Tailoring for performance

One source does not fit all

Like a lot of web teams, O’Reilly’s web group has increased its focus on using global components to better scale maintenance and optimize workflow. From a load-time measurement perspective, our performance ratings stay near benchmarks. However, after a recent analysis, using metrics other than load time, we found that our global efforts may have sacrificed performance on a handful of highly visible and heavily visited web pages.

Identifying the popular pages, we sought to improve the use of global components with server side logic, regex, and asynchronous loading. After re-measuring these popular pages, we arrived at faster load times with improved perception of speed.

Taking a closer look
After the Velocity 2014 site was produced, I got the following results from PageSpeed Insights and Webpagetest (WPT) while testing the homepage. These results are close to our average benchmarks for load time but revealed further elements to fix.

PageSpeed Insights pointed out render-blocking scripts and advised how I can optimize CSS delivery. WPT provided a visual UI to demonstrate the user’s perception of speed and gave me an average load time and start render time. Together, these tools gave many angles of approach to improving load times and the perception of speed.


Even though the load and start render times from WPT weren’t bad, the PageSpeed Insights score demonstrated that further improvements could be made.

Global components impeding performance
PageSpeed Insights pointed out several external resources that were delaying the load of above-the-fold (ATF) content. These HTTP requests were coming from a global component that’s included throughout the Velocity website. For some pages, these HTTP requests are crucial to properly load content and user interaction components, but it was unknown that these HTTP requests should be removed from the pages that didn’t need the resources. The global include of the HTTP requests across the site had the purpose of maintaining reusable code, but it didn’t make sense to keep it on pages that didn’t use the loaded resources.

Losing the <head>ache
With manipulation and patience, I used server-side logic and regular expressions to load only what was needed. Doing so, I was able to remove 5 JavaScript resources and 4 CSS resources from the homepage. Since one of these JavaScript resources was a jQuery library, I moved the HTTP request and moved any jQuery dependent code beneath the request. Testing the homepage in PageSpeed Insights and WPT got noticeable improvements.



Notice that not only does the page render sooner, it loads 0.8s faster!

Corralling JavaScript snippets
By this point, you’d think I would be satisfied with the results but I started thinking I should defer or asynchronously load the jQuery library. I wondered how I could manage all HTTP requests while maintaining the order in which they load.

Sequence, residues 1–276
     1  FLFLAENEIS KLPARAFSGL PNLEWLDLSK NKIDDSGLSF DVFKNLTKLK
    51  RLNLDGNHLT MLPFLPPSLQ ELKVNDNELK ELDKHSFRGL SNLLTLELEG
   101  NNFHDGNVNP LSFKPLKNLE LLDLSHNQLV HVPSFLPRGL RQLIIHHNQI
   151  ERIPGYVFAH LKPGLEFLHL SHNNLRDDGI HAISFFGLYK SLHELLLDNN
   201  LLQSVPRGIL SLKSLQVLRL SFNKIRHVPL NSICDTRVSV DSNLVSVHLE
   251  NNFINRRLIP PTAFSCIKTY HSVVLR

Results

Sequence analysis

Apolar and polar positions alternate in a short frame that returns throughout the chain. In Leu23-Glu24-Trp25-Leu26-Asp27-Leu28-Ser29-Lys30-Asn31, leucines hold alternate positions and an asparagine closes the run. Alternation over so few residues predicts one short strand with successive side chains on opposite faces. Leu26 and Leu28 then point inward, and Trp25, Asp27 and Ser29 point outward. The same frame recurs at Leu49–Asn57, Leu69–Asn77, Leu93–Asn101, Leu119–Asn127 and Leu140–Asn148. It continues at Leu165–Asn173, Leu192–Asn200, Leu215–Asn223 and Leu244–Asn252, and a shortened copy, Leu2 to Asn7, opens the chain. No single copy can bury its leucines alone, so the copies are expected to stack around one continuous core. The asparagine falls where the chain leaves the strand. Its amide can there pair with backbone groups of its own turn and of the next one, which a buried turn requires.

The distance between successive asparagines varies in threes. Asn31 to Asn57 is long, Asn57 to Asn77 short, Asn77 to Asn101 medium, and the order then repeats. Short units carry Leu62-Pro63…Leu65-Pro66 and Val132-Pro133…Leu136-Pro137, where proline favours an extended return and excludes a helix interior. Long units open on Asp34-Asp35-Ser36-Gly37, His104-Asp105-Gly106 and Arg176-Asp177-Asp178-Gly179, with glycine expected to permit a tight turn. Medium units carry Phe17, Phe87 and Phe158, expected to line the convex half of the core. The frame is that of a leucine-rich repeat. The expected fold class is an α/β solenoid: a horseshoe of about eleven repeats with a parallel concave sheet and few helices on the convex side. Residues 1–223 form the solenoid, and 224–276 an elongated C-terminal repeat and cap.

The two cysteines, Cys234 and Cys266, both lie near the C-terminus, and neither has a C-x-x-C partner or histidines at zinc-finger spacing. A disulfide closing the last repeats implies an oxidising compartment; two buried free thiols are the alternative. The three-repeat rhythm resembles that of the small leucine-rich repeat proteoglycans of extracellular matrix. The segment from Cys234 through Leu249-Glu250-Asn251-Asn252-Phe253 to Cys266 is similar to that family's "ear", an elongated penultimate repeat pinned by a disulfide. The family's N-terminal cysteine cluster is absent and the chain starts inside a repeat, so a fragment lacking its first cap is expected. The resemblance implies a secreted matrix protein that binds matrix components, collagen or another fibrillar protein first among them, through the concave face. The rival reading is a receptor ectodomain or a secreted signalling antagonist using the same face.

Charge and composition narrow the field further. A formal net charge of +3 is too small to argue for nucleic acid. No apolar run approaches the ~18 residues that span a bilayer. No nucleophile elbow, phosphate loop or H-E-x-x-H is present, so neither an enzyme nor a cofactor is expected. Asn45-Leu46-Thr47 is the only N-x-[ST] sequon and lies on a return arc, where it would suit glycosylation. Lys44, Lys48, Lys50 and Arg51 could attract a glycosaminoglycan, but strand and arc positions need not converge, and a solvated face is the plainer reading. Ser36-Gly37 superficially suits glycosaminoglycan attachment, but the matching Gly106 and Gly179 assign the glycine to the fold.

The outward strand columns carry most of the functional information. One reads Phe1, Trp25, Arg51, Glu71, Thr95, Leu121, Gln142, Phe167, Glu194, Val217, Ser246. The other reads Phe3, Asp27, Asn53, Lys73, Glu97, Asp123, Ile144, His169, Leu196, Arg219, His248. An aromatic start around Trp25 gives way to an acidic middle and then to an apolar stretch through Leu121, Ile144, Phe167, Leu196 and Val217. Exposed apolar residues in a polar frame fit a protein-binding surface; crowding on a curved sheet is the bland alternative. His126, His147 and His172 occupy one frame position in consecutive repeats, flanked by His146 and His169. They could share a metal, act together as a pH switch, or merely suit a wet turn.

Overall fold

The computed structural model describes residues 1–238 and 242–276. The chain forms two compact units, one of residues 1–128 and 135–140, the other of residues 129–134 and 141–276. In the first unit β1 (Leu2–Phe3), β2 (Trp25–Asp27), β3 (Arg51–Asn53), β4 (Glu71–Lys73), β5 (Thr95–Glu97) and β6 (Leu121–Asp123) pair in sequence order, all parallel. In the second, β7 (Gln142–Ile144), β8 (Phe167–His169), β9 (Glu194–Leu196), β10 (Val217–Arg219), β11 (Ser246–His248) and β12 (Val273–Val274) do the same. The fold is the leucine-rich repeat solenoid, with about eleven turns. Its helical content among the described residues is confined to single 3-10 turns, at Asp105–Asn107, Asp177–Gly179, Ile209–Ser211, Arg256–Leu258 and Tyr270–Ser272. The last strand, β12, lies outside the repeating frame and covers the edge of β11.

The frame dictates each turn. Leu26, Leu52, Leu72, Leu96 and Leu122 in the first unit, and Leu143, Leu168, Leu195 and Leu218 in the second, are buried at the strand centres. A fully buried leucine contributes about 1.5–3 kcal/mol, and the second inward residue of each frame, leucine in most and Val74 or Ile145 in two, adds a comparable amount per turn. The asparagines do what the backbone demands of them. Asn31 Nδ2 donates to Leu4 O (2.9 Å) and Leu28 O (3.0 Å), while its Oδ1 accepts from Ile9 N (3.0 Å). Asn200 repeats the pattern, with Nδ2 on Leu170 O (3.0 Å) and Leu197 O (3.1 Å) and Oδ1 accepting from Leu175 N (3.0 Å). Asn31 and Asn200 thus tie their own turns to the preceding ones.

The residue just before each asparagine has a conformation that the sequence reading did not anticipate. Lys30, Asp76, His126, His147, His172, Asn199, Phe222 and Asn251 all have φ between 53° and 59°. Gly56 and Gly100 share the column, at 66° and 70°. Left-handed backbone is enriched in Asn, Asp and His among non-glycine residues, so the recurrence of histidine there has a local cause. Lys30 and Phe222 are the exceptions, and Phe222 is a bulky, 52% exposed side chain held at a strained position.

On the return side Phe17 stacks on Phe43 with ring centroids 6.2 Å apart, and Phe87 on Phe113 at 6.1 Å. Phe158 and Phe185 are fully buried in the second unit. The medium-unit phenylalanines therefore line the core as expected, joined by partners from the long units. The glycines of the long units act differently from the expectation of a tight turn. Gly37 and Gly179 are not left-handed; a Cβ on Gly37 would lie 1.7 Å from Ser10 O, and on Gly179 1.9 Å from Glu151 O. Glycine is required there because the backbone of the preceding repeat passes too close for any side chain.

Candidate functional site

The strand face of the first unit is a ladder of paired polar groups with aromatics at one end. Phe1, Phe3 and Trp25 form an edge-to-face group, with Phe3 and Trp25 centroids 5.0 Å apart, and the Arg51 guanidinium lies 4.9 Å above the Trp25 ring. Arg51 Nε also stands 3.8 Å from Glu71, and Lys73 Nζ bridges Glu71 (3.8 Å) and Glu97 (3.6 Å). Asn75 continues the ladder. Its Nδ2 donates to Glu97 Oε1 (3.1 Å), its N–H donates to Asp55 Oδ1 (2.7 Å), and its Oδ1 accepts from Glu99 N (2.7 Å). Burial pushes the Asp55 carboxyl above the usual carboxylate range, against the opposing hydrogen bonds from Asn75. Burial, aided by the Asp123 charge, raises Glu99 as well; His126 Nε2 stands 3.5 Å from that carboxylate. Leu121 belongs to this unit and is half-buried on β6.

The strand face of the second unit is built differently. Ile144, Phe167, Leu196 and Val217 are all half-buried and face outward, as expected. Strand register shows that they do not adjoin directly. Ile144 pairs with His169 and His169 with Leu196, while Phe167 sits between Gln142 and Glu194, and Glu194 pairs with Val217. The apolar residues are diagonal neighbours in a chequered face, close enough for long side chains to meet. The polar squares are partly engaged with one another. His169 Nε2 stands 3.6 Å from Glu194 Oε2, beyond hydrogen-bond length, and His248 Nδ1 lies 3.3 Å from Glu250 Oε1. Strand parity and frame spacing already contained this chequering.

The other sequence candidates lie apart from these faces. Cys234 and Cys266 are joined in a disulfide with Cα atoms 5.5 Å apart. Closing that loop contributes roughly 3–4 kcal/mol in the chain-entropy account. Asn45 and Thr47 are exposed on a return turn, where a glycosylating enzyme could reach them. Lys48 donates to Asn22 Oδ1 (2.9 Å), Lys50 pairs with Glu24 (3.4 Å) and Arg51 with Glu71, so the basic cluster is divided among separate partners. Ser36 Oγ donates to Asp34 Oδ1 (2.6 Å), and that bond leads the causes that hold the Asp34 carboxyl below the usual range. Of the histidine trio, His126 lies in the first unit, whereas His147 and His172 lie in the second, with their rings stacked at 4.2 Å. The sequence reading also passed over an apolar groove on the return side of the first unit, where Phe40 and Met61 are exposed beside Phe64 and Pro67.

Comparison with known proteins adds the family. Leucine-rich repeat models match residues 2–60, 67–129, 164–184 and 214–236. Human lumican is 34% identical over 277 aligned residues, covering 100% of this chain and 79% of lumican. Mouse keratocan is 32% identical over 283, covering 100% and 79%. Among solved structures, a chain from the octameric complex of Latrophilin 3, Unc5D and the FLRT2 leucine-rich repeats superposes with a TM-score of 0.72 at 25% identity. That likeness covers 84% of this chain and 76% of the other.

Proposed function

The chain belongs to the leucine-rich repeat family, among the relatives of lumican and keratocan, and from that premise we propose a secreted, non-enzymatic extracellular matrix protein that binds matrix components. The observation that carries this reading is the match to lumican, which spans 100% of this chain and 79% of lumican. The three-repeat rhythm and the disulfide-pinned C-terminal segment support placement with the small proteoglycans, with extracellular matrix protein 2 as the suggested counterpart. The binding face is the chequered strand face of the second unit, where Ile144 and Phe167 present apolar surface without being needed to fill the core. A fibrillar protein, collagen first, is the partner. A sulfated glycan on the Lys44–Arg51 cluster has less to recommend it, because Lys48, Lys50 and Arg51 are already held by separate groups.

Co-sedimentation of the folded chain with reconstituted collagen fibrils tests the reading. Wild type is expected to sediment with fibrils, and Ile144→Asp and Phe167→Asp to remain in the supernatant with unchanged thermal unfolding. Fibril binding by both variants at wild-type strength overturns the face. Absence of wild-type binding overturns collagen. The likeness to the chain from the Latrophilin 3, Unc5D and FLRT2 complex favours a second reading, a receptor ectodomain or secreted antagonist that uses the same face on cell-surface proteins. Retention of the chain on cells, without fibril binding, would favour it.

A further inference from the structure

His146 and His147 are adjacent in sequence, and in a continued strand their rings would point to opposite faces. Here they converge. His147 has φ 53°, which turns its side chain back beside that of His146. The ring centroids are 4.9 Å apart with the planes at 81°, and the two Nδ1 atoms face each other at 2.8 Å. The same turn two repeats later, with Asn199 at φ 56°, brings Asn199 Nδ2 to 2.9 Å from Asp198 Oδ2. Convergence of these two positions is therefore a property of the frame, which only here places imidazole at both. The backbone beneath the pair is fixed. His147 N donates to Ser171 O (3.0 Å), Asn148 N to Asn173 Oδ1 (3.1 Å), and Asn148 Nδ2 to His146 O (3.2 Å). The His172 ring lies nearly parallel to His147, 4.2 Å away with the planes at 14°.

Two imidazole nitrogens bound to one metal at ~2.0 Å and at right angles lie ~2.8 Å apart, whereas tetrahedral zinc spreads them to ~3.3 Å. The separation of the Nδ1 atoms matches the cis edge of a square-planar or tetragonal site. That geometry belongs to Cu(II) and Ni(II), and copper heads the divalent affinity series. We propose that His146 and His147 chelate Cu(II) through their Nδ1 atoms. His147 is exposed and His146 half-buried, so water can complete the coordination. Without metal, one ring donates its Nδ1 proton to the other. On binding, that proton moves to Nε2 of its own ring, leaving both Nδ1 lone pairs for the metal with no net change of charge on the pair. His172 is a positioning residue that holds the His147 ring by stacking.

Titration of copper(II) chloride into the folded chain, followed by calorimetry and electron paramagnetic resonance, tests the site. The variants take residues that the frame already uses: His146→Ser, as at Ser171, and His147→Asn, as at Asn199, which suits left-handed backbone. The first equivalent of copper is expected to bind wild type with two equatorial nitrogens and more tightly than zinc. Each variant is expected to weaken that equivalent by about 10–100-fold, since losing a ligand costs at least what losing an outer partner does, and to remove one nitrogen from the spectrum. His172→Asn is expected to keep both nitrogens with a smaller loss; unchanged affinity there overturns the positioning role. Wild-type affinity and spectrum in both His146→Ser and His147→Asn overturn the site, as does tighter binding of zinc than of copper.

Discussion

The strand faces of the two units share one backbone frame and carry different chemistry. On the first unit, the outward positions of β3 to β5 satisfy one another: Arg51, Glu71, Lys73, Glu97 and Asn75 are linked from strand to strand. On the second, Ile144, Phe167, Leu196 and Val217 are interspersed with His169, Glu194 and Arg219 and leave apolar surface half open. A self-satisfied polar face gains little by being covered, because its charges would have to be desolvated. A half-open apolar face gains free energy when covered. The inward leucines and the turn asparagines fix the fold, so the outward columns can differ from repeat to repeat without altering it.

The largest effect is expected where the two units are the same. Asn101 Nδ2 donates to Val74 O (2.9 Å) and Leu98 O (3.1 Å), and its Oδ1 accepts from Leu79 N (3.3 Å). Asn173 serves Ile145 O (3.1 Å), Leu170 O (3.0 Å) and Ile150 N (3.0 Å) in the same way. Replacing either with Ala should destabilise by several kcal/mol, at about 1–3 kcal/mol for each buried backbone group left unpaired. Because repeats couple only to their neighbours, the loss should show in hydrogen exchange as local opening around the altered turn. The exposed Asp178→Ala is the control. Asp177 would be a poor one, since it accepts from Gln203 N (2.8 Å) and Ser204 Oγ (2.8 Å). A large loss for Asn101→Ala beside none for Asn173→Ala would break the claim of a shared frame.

Thank you, YepNope.js
YepNope is an asynchronous conditional loader that loads external files in the order you request. By using this 1.7K (gzipped) file, I asynchronously loaded jQuery and it’s dependent script resources, then executed any function calls upon completion.


While using Yepnope, there wasn’t much of a performance improvement. Notice that the page renders sooner but visually completes 0.1s later. Given these results, I would still consider using YepNope to manage external JavaScript and CSS resources to maintain control over the order of asynchronous loads.

Let’s look at the progress from the start


After losing some weight in the and using YepNope to manage the external JavaScript resources, we shaved off 0.860s from the page load time and about 0.80s from the start render time. That’s a pretty good improvement from simply removing those HTTP requests that don’t apply to the homepage and asynchronously loading what does.

My biggest takeaway from this performance makeover is that maintaining a single code source for a website may unintentionally sacrifice the speed of a single highly visible page. It’s important to prioritize the most popular pages on your website and make them as lean as possible to create a better user experience. It may be time-consuming, but it’s worth it if you keep your users happy.

Stay tuned…further improvements regarding CSS optimization will be covered in another post.

Cover the Basics & Get the Tools
The O’Reilly Media web group monitors the daily and weekly performance of the various O’Reilly web properties with tools like Keynote, WebPageTest (WPT), and PageSpeed Insights. As a site is produced, the web team picks the low-hanging fruit (see how we started): image compression, spriting where possible, CDN usage, lazy-loading images, and moving any Javascript to the end of the body. Also, Yepnope.js was used for managing asynchronous loads.

Note: All WPT tests were ran with test location: Dulles, VA using Chrome as the browser and a Cable connection.

To learn more about how you can tailor your site for performance, check out the Velocity 2014 Schedule.

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